Levels of Self-Efficacy among Harassed Teachers

Levels of Self-Efficacy among Harassed Teachers

Isabel Cantón (University of León, Spain) and Consuelo Morán (University of León, Spain)
DOI: 10.4018/978-1-4666-0903-7.ch018
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Abstract

The aim of this study was to examine the differences among harassed teachers and un-harassed ones, regarding coping strategies, self-efficacy, and locus of control. Participants were 255 teachers (163 women and 92 men) who completed a set of three questionnaires, the Mobbing Perceived Questionnaire, a battery of control expectancies, and the Brief COPE to assess, respectively, mobbing perceived at work, self-efficacy, locus of control, and cooping strategies. The results showed differences in self-efficacy, locus of control, and use of coping strategies depending on the teachers’ degree of mobbing perceived. The authors believe that the efforts for preventing mobbing made by educational organizations must be intensified, as they not only affect teachers’ quality of life but also the quality of the educational system, furthermore new technologies can have a relevant role on this side by making available all information on those phenomena.
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Introduction

Since the beginning of the 21st century, the European educational system has had to take up the challenge of changes in the student population, which has increased in both numbers and diversity. Education professionals have been trying to adapt to the needs of students who speak different languages and who come from different backgrounds, some of whom are at risk of becoming excluded from the educational system, and many with special needs (Wertheim & Leyser, 2002).

In Spain, in the last twenty years, we have had seven mutually contradictory educational laws. None of which has been completely developed against the backdrop of the old dichotomy of two cultures, or philosophical-ideological substratum upholding the idea of education based on legislation. Rules and regulations and different practices which are mutually incompatible if not integrated: educare for students who are tabula rasa and educere for those who already have knowledge and need it to be brought out: reproduce or transform, liberate or repress, rousseauists or scholastics: pedagogical optimists or pessimists (Cantón & Perisset, 2009).

The rational-positivist or technical rationality intellectual current is based on reason and on a degree of pedagogical pessimism, and proposes stable teaching routines that are difficult to change, based on expert language, on effort and on the instilling of traditional, compact and safe moral values, with some eschewing of pedagogy. In teaching centres, it takes the form of a dense, highly structured curriculum, drilling, knowledgeable teachers perhaps lacking in pedagogical competence, and high levels of strict discipline, where the consequences of violence are noticed early on and nipped in the bud.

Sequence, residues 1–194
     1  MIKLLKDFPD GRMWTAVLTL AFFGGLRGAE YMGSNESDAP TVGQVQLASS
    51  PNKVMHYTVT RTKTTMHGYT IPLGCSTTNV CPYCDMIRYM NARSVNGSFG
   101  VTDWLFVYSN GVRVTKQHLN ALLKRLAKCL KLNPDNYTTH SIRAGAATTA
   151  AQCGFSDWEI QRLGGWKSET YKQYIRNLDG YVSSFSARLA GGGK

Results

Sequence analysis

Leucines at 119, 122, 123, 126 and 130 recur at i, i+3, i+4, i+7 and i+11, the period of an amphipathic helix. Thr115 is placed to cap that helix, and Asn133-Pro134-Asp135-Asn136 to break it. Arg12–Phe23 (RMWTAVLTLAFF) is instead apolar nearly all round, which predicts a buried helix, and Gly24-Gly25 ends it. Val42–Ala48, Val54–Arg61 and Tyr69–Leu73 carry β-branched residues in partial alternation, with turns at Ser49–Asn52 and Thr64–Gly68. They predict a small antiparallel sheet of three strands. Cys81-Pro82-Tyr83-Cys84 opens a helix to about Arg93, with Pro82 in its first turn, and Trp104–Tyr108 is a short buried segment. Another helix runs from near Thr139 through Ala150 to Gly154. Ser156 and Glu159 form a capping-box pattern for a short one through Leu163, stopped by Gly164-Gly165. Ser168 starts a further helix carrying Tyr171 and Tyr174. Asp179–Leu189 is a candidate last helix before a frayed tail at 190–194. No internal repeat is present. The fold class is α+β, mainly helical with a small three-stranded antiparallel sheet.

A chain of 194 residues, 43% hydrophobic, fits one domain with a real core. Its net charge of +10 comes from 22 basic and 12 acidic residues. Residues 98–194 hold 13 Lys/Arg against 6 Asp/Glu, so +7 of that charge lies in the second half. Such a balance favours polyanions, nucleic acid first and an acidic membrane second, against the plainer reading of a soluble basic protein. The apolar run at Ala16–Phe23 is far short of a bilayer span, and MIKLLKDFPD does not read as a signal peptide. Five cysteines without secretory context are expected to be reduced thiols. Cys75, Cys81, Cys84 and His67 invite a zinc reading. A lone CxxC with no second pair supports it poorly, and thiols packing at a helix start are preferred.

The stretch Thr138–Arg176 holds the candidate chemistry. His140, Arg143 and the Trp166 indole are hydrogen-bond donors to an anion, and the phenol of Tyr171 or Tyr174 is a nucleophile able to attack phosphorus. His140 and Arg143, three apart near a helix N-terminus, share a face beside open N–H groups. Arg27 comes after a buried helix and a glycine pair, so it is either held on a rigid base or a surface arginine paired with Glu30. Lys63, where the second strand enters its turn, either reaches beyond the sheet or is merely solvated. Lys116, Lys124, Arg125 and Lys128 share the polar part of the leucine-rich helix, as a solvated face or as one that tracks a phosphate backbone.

Opposed to this is practical rationality, typical of the nineties, based on facts, on pedagogical optimism taken to the extreme, on play learning and impregnation, upheld by the theories of German Romanticism of the 19th century and the Rousseau’s concept of the Noble Savage. Children are naturally good, it is society, and the school itself that pervert them with their teachings, so the important thing is change, innovation – education cannot be systemized. With it, there appeared what has come to be called specific pedagogical language, the curriculum has to be negotiated with the students and adapted to their interests, with greater stress on lay values and large doses of moral relativism (Ayuso, 2005). In schools, it appears as permissiveness, a variable curriculum, negotiation, teacher-mediators, multicultural and pluralist values that are unstable, diffuse, and contingent; criticism and social examination of the values of the teachers; students with low or no discipline and difficulties in tackling disruptive conduct. An example of this tendency may be seen in the final provisions of the Spanish Education Act of March 2006: “collective decisions made by students in the third year of compulsory secondary education and above regarding class attendance shall not be considered as irregular conduct and shall not be punished....”

Classroom violence is the direct result of the adoption by governments and society of practical rationalism as guidelines for a sort of relativist overregulation of education, at both school and social level. But it is also the fruit of society’s upholding and applauding such practices, which translate into confrontations between two sectors that in theory are working to the same end: teachers and parents, the former adopting a threatening posture towards the latter regarding permissiveness towards their children and the latter giving up the battle as lost and seeking release from teaching into administration or retirement. A third sector, in which we find ourselves, also has a great deal of responsibility in this topic: the experts, who, ensconced in their academic ghettos, take no part in, have no relationship with and contribute no solutions from their research to current social affairs, which they do not get involved in but merely contemplate from their ivory towers. Violent students must obviously take their part of the blame for clinging onto social, legal, and educational extremes.

In this context of change, the study of a teacher’s efficiency becomes relevant in psycho-educational research.

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